There are people who don’t listen to podcasts – often these are the same ones who surprise me by buying and downloading public domain books. It’s like we live in different realities. Parallel universes. So the sad truth is that most of my listening is not to music but I much prefer lectures and podcasts. I cannot listen to music while I run or go to the gym, so I am the one grunting to some obscure point being made by a speaker. And since I was asked what I listen to, I thought that I would make a list. Feel free to recommend stuff to me.
For a shorter podcast try A Point of View it’s just what it says in the title. My recent favorite was Adam Gopnik explaining his indifference to Twitter. But no matter the topic, it’s always worth the 15 minutes. BBC Analysis is an in-depth discussion on a current affairs. An Australian version of this is RN Big Ideas.
The Naked Scientist produced by the University of Cambridge its a light look at whats on in the science world. Big Picture Science is similar light hearted nerdy fun. For more science fun I highly recommend The Infinite Monkey Cage.
Little Atoms is about ideas, Crossing Continents is world affairs with a human touch, From Our Own Correspondent is a personal observation by a foreign correspondent somewhere in the world. The latter is a favorite even if it does overlap crossing continents at times. File on Four is analytical and deeper, really good with the right topic but less so when the subject matter doesn’t connect. The Forum is all about ideas and thinkers and is really worth listening to.
Radio Dude by Wrote CC BY NC
My fiction list includes Drama of the Week which is a classic type of radio theater, Radio 4 Comedy of the Week, Friday Night Comedy (both make lifting heavy weights difficult) and the Swedish witty show Spanarna. While not fiction but the storytelling of This American Life and The Moth seem to fit into this category.
For history I listen to Great Lives where a guest and expert discuss the impact of a historical person, History Extra usually interviews the author of a recent historical work of non-fiction, The History Hour plays interviews of survivors of historical events (both great and obscure), In Our Time is a panel of distinguished academics dissecting an event or concept, and Revolutions has gone through the English Civil War and has now begun on the American War of Independence.
For long distance running, light humor, heavy banter, occasional rants and film reviews Mark Kermode & Simon Mayo’s Film Review is a must have. More or Less looks at statistics gone wrong in the media (more interesting than it sounds), Philosophy Bites is a 15 minute bit of depth, The World Book Club is a long interview with a well established author (always want to go and buy books after this).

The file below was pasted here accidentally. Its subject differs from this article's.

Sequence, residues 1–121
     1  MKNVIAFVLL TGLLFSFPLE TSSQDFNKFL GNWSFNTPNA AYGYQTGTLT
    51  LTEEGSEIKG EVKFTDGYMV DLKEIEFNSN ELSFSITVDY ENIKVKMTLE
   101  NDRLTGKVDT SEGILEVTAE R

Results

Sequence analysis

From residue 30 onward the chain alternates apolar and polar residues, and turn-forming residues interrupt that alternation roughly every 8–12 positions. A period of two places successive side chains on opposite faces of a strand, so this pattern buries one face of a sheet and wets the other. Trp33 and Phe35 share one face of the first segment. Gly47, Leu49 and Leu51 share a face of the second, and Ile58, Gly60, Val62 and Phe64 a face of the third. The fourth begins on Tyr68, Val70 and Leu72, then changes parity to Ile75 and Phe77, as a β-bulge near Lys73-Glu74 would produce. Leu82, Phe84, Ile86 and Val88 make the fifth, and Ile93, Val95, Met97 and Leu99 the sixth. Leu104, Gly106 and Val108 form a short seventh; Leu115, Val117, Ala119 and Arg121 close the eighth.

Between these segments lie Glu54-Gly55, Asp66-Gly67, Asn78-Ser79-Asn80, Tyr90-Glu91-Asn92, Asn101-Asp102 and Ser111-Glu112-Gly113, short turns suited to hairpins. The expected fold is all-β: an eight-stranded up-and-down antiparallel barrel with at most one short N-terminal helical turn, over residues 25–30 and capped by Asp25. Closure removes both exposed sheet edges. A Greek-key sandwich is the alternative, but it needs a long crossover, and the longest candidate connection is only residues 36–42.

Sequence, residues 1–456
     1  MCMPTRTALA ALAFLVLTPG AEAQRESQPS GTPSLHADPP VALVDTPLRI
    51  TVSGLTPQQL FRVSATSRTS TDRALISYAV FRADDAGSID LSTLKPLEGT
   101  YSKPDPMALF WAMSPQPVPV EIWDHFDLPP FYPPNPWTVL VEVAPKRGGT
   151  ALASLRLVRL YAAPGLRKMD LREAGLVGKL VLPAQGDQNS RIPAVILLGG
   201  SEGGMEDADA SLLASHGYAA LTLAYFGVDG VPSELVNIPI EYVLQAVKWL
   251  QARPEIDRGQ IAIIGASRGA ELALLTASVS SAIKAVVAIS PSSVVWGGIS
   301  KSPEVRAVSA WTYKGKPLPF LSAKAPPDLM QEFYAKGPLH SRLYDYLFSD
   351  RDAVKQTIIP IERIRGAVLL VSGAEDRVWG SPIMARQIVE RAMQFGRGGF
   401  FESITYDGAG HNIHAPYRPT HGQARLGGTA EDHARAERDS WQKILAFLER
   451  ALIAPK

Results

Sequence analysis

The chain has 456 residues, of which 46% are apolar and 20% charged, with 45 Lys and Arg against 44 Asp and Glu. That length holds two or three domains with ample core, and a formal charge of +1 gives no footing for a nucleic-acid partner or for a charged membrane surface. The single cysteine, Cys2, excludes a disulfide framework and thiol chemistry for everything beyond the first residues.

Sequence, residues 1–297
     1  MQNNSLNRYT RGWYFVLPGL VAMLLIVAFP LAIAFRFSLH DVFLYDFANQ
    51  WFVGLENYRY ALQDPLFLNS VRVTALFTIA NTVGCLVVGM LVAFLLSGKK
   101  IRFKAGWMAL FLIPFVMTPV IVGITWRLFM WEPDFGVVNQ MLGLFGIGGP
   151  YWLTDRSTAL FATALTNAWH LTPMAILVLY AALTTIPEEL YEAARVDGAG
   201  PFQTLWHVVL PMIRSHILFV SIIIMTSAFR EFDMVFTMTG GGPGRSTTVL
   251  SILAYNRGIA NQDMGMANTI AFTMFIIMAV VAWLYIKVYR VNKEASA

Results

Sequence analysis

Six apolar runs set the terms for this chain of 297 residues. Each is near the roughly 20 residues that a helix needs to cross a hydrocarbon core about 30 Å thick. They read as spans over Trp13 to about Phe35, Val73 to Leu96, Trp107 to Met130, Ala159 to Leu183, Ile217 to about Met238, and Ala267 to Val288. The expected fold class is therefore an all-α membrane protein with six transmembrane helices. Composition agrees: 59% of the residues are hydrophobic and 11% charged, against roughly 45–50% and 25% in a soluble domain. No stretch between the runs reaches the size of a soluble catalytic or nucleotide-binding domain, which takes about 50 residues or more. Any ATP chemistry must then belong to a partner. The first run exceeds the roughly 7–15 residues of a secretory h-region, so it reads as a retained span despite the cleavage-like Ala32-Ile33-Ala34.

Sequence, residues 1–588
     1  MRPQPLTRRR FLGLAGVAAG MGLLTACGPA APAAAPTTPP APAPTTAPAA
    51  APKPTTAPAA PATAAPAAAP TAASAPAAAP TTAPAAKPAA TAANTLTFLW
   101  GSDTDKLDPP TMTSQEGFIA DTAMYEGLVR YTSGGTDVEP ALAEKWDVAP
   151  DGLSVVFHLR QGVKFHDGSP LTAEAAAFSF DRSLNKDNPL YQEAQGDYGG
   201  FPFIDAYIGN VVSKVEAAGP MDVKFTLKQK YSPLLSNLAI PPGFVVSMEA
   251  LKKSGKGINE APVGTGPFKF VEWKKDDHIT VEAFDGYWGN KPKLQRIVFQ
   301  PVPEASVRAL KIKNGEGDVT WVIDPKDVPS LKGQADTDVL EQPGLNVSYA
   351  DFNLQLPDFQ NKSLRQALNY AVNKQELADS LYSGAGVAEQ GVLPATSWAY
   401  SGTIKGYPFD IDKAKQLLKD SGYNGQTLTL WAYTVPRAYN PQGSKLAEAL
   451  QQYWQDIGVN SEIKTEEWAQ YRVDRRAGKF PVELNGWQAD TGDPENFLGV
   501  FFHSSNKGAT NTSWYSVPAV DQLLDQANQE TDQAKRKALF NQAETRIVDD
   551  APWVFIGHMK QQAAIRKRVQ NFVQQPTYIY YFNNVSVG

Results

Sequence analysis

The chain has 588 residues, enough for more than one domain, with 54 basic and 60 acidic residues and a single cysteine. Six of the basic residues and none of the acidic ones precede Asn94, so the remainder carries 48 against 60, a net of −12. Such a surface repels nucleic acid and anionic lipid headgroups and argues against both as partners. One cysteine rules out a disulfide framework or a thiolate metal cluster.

The Why Factor looks at the meaning behind everyday objects and, saving the best for last, my absolute favorite podcast is Thinking Allowed sociological discussions of current thoughts and ideas. Brilliant.
In a recent episode of the BBC podcast From our own correspondent I heard a segment by Kevin Connolly contained a quote worth remembering:
One middle-aged woman told me, at the beginning of this last revolution in the battered centre of the city of Benghazi, that she thought the worst thing about living under a dictatorship was that it made you ashamed that you did not resist, that you were not a hero.
“You pass the habit of fear on to your children,” she said.
The habit of fear.
This position reminds me of another quote, this time by Salman Rushdie from his book The Moors Last Sigh
By embracing the inescapable, I lost my fear of it. I’ll tell you a secret about fear: its an absolutist. With fear, its all or nothing. Either, like any bullying tyrant, it rules your life with a stupid blinding omnipotence, or else you overthrow it, and its power vanishes like a puff of smoke.
Birmingham radio station BRMB turned on the Queen’s speech by mistake (The Telegraph) DJ Tom Binns makes some anti-royal remark about the France doing fine even after beheading their royals and switches over to the song Last Christmas by Wham! with the comment “from one Queen to another” (which Queen should be upset by this?)
What happens? He gets sacked! He must of known it was a bit of a provocation – but seriously to sack the man? The Telegraph writes that